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The Underdog Religion

Christianity is the underdog religion.

Or so it wants you to think.

We love the underdog story — we know what’s coming, but we love it anyway, we can’t get enough. We love the upset, the incredible comeback when the chips are down and there’s no way but then all of a sudden the bigger, stronger, tougher, richer, better equipped opponent gets a comeuppance. History and Hollywood love this story — the Rebel Alliance, La Résistance, the Miracle on Ice, David vs. Goliath… way too many examples to list.

Madison Avenue and Wall Street love this story.

Politicians and voters and world leaders love this story.

Economists and American Dreamers love this story.

Everybody loves this story — it’s embedded in individual and collective brains and culture — a standard narrative, paradigm, metaphor, archetype.

I won’t say the Bible or Christianity invented it, but both are full of it, and their fingerprints are all over western history and culture, which can’t hurt their claim to its patent. Ancient Israel loved the story — Gideon and his 300 soldiers pared down from 32,000, David vs. Goliath, David and his ragtag band of “mighty men” …. Then Jesus came along and perfected it: the backwater small town kid, the bastard son of an unwed mother and a blue collar dad; the kid with the unexpected religious streak who hung out with a tough crowd, always on the outs with the religious elites.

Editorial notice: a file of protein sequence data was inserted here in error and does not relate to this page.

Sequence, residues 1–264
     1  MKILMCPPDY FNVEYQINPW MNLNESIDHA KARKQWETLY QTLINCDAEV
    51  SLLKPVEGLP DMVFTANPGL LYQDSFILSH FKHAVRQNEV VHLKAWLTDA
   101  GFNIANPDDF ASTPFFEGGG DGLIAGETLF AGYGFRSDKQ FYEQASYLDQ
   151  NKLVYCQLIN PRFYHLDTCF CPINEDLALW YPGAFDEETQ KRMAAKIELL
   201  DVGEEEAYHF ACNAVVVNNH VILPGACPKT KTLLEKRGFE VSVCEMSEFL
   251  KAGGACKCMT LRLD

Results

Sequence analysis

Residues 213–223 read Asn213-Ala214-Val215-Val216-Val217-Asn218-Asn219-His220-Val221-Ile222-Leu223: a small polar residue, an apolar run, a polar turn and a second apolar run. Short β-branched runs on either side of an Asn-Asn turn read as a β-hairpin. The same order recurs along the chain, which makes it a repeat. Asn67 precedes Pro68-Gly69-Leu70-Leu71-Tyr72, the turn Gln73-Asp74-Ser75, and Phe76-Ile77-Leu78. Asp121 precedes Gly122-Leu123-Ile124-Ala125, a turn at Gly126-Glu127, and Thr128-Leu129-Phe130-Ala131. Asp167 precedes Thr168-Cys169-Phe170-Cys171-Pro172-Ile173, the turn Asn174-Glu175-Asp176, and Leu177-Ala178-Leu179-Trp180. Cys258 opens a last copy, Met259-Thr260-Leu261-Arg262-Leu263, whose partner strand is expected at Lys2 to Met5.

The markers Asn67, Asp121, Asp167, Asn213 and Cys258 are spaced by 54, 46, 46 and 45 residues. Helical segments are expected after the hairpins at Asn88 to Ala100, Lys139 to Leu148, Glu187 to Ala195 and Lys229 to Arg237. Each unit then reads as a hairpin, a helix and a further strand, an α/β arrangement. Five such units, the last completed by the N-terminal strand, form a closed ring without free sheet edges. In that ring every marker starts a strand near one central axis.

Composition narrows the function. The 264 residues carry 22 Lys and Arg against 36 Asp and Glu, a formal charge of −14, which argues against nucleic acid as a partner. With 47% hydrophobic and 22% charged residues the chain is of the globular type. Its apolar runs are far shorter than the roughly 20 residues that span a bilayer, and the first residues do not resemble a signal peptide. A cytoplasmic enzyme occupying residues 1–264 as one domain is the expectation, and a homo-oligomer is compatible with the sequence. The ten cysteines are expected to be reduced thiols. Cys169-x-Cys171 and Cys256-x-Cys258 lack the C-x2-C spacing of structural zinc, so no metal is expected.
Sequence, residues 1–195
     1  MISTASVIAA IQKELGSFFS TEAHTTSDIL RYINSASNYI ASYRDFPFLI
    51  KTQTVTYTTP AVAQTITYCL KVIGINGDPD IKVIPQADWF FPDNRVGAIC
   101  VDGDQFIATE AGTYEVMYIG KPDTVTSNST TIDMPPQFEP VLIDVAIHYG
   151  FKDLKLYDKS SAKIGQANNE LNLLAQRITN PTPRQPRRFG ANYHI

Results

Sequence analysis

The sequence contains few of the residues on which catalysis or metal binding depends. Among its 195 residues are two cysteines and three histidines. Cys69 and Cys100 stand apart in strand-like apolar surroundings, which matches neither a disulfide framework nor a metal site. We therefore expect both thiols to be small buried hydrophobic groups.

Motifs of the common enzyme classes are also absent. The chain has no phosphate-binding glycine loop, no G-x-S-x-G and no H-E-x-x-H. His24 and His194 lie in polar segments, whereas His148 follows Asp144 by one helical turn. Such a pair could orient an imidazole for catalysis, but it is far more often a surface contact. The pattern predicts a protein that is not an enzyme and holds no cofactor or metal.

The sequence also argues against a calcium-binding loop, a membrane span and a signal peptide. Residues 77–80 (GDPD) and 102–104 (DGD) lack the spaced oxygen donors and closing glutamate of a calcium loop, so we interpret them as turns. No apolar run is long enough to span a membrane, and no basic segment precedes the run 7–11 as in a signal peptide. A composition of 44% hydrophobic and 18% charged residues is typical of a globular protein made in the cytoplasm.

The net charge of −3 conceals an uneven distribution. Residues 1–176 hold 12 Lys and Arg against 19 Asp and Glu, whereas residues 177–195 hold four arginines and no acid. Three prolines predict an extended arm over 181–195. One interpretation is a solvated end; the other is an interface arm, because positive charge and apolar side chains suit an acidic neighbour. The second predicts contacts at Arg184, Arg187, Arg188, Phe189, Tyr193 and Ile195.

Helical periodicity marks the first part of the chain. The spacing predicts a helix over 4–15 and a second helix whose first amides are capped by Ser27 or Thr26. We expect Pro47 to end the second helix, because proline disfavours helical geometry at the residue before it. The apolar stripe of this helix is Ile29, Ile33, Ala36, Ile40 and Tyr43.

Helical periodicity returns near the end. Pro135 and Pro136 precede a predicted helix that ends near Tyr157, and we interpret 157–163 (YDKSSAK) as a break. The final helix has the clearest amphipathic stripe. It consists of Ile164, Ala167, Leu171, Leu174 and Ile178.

“Can anything good come out of Nazareth?” John 1:46 ESV

“And when Jesus had finished these parables, he went away from there, and coming to his hometown he taught them in their synagogue, so that they were astonished, and said, ‘Where did this man get this wisdom and these mighty works? Is not this the carpenter’s son? Is not his mother called Mary? And are not his brothers James and Joseph and Simon and Judas? And are not all his sisters with us? Where then did this man get all these things?’ And they took offense at him. But Jesus said to them, ‘A prophet is not without honor except in his hometown and in his own household.’ And he did not do many mighty works there, because of their unbelief.” Matthew 13:53–58 ESV